Concept

Fatwa

Summary
A fatwā (ˈfætwɑː USˈfɑːtwɑː; فتوى; plural fatāwā فتاوى) is a legal ruling on a point of Islamic law (sharia) given by a qualified Faqih (Islamic jurist) in response to a question posed by a private individual, judge or government. A jurist issuing fatwas is called a mufti, and the act of issuing fatwas is called iftāʾ. Fatwas have played an important role throughout Islamic history, taking on new forms in the modern era. Resembling jus respondendi in Roman law and rabbinic responsa, privately issued fatwas historically served to inform Muslim populations about Islam, advise courts on difficult points of Islamic law, and elaborate substantive law. In later times, public and political fatwas were issued to take a stand on doctrinal controversies, legitimize government policies or articulate grievances of the population. During the era of European colonialism, fatwas played a part in mobilizing resistance to foreign domination. Muftis acted as independent scholars in the classical le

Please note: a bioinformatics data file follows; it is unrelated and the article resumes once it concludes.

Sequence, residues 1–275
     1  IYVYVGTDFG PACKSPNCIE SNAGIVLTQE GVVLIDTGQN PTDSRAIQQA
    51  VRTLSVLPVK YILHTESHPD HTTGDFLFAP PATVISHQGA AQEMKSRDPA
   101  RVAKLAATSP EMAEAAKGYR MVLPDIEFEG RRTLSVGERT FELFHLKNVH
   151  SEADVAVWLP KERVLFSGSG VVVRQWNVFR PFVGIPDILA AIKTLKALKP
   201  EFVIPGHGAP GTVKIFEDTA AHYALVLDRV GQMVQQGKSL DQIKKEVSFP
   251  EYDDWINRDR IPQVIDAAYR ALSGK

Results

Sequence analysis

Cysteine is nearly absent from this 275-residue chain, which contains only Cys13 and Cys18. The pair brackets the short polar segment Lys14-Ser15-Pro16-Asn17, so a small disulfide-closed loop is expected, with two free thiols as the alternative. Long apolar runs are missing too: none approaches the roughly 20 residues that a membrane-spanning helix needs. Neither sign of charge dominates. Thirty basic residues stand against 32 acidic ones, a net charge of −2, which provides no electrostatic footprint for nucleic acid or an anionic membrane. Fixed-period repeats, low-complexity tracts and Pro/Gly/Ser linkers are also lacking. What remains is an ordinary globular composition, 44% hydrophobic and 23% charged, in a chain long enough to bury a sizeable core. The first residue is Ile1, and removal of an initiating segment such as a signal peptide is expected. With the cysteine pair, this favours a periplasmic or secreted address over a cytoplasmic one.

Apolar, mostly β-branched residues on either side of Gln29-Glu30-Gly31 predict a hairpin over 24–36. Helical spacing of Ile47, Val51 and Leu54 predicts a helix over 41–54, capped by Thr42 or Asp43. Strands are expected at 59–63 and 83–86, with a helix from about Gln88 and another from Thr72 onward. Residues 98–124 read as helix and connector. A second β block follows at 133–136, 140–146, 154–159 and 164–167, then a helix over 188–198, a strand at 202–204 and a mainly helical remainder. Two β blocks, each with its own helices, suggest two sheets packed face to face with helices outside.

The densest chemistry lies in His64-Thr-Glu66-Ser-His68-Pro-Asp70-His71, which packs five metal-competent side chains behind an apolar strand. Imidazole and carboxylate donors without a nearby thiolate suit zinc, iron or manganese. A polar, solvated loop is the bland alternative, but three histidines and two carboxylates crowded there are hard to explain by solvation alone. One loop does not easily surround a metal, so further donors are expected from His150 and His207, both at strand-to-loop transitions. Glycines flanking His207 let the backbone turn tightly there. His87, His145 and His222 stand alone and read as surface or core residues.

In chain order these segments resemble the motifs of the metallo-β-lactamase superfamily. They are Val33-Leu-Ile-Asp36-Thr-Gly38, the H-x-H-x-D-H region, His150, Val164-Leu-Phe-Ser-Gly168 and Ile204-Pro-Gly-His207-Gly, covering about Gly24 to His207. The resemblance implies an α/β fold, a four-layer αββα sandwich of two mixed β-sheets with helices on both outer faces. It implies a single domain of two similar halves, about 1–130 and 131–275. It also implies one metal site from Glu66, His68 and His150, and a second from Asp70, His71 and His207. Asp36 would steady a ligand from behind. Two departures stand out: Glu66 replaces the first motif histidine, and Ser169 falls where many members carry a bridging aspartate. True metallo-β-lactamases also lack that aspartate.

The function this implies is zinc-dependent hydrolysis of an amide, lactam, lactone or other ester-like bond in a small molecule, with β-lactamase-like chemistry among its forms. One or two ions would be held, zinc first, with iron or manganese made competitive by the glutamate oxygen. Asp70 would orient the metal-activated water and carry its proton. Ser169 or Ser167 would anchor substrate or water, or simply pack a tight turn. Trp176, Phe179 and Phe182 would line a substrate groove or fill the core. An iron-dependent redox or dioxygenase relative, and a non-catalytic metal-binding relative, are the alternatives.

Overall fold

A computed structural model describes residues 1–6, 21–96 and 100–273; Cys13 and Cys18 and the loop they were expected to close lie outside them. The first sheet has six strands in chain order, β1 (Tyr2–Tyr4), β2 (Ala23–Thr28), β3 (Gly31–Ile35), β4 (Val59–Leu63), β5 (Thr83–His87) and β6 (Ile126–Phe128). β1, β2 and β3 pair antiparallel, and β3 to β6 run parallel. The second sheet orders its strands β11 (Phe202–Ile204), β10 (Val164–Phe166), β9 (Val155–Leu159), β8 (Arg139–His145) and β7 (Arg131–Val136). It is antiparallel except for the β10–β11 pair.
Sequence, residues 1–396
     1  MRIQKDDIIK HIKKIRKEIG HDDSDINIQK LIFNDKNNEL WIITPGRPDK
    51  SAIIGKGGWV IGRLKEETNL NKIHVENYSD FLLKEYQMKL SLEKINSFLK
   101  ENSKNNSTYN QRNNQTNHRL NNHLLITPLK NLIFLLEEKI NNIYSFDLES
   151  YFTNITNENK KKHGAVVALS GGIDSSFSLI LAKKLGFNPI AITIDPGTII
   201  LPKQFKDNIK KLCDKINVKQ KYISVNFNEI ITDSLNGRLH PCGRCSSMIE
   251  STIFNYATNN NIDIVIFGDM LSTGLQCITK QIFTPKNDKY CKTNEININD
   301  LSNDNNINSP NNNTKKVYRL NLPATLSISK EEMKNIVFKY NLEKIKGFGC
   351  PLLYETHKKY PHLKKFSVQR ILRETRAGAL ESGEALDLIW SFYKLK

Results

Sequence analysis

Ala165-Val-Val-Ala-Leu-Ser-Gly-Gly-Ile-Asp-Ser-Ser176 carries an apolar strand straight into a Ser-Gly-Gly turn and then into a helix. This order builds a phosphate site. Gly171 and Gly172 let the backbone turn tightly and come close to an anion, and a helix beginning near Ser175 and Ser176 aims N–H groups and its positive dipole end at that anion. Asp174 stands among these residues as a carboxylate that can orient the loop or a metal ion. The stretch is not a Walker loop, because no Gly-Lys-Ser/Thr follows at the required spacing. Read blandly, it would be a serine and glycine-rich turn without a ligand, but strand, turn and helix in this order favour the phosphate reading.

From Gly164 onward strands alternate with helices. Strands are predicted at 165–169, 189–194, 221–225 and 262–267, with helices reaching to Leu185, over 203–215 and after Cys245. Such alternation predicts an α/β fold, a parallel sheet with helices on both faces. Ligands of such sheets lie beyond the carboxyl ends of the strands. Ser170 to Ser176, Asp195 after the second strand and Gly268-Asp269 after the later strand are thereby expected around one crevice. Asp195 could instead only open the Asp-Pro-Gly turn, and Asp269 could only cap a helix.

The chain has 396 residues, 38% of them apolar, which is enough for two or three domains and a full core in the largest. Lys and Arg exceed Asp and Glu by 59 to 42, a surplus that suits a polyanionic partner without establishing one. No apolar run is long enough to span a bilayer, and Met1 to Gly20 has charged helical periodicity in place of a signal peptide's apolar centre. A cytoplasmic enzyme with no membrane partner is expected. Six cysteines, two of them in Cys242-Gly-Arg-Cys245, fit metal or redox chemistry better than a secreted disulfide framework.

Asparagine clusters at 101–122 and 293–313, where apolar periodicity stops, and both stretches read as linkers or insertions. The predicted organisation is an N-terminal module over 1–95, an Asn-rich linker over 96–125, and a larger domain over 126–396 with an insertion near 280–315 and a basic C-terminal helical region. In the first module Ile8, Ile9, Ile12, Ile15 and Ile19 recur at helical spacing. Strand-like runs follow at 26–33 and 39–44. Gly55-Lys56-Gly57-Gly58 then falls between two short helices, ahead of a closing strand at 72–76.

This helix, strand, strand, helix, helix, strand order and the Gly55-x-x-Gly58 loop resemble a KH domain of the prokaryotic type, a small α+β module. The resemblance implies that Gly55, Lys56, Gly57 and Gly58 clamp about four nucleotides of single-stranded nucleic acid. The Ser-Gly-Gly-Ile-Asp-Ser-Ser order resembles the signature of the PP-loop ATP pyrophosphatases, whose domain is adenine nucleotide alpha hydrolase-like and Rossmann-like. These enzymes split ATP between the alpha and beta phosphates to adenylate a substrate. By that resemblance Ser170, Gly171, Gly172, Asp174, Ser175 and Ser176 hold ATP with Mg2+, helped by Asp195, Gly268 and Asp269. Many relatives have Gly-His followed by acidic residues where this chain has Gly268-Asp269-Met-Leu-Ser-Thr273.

About this result
This page is automatically generated and may contain information that is not correct, complete, up-to-date, or relevant to your search query. The same applies to every other page on this website. Please make sure to verify the information with EPFL's official sources.
Related publications

Loading

Related people

Loading

Related units

Loading

Related concepts

Loading

Related courses

Loading

Related lectures

Loading